According to the Book of Enoch (Not a
Canonical Text), God judged the angels for producing the Nephillim.
God decreed that the fallen angels (Watchers) were to be cast into
Tartarus. The Nephillim were also judged and it was determined that
their bodies were to return to the earth in peace but their souls
were doomed to wander the earth forever--wandering
In the following conversation God is
talking to Enoch, His servant, and sending him to give this message
to the Watchers (fallen angels).
"I have no doubt that the Enoch groups
deemed the Book of Enoch as fully inspired as any 'biblical' book. I
am also convinced that the group of Jews behind the Temple Scroll,
which is surely pre-Qumranic, would have judged it to be
quintessential Torah--that is, equal to, and perhaps better than,
Deuteronomy....Then we should perceive the Pseudepigrapha as they
were apparently judged to be: God's revelation to humans." Page
"While the best scholars thought Ethiopic
Enoch was a modern version of a lost Jewish document, it was not
possible to disprove the lingering claims by Lucke (1832), Hofman
(1852), Wiesse (1856), and Phillippe (1868) that a Christian scribe
had composed the Book of Enoch. It was not until the second half of
the twentieth century that this claim was decisively put to rest;
again the proof came with another momentous discovery. Pre-Christian
Aramaic fragments of I Enoch were recovered among the Dead Seas
Scrolls; one of the fragments contains the passage quoted by Jude."
"Since the 1950's J.T. Milik promised us
he could prove that I Enoch 37-71 is not Jewish, but indeed a
Christian composition that considerably postdates the New Testament
period (50-150). His genius and pioneering leadership in the study of
the Dead Sea Scrolls caused a moratorium on the use of I Enoch 37-71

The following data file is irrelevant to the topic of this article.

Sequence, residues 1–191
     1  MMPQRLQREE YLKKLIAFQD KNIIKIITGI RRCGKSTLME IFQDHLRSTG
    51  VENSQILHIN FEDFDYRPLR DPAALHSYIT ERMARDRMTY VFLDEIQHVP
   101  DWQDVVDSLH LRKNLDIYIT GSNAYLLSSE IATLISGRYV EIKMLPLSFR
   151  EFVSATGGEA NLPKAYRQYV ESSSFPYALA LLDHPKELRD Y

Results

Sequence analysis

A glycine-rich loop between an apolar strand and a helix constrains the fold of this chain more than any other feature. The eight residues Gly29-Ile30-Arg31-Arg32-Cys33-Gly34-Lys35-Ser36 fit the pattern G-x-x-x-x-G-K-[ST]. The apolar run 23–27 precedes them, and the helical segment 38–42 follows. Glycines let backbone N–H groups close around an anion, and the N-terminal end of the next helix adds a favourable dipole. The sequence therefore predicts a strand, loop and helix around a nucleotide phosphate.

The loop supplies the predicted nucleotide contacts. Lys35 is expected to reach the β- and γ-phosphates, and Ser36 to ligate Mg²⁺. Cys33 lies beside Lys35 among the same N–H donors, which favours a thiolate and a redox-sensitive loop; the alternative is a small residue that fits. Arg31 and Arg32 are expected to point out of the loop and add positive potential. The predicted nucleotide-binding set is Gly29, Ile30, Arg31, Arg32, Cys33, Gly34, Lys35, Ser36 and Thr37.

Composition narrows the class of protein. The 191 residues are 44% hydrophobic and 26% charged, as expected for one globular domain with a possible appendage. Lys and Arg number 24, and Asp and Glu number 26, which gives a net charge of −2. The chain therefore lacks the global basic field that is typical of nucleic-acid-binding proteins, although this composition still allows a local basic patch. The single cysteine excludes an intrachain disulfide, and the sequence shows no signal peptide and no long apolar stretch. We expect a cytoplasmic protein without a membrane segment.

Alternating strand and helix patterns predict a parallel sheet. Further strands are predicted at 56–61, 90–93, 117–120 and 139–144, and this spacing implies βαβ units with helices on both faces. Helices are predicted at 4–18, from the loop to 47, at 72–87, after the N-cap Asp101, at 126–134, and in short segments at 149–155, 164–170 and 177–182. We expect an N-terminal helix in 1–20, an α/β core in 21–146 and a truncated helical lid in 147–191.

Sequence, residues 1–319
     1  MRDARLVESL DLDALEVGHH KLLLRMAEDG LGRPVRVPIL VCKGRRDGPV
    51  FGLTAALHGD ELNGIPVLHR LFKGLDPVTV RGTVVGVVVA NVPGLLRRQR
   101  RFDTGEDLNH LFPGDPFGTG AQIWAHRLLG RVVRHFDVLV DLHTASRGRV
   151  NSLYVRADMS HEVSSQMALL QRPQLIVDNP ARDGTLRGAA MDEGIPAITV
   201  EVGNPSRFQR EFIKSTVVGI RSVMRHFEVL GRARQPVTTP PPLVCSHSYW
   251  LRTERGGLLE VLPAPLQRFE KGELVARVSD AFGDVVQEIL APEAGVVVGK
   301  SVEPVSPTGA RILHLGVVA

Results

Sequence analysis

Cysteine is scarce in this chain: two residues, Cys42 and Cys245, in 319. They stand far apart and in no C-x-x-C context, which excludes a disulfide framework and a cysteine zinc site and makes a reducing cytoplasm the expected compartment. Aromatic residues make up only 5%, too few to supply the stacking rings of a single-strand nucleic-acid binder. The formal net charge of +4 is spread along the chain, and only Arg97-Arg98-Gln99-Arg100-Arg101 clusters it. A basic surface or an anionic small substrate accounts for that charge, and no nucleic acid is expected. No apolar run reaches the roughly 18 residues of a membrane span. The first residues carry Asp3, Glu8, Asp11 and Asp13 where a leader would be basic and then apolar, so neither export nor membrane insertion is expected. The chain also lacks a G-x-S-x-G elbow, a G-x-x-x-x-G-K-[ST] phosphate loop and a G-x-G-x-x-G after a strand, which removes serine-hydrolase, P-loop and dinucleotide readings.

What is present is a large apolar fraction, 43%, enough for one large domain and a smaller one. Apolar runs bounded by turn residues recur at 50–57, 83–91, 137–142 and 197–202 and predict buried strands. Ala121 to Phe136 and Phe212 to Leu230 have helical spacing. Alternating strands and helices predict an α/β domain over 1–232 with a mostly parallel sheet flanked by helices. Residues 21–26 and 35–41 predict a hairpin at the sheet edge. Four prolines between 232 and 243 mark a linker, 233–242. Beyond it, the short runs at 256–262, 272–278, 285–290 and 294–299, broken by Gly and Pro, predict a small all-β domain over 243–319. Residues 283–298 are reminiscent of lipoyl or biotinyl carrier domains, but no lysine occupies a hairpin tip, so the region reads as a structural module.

for a study of the term 'Son of Man' on earliest Christianity
(especially before 70).
It became obvious that Milik had not
proved his position , as Fitzmyer pointed out as soon as The Book of
Enoch had been published. Repeatedly the specialists on I Enoch have
come out in favor of the Jewish nature and its first century C.E.
origin, and probable pre-70 date. The list of specialists on I Enoch
arguing for this position has become overwhelmingly impressive:
Issac, Nickelsburg, Stone, Knibb, Anderson, Black, VanderKam,
Greenfield and Sutter. The consensus
communis is unparalleled in almost any other area of research; no
specialists now argues that I Enoch 37-71 is a Christian and
postdates the first century." Page 89.
"For 1200 years this book was known only
to a few people in Russia. When it was finally revealed to the world
in 1892, it was announced that it was a Slavonic version of the
The Book of Enoch. This was wrong. Once translated , it was found that
we have entirely different book on and about Enoch, described, by the
editor, as having no less value than the Apocalyptic literature and
the origins of Christianity.
This book was read extensively by many
separate Christian groups during the first three centuries, and it
has left us today with many traces of its influence. It is now time
to bring this book back into print so we may relearn its value to the
The Book Tree.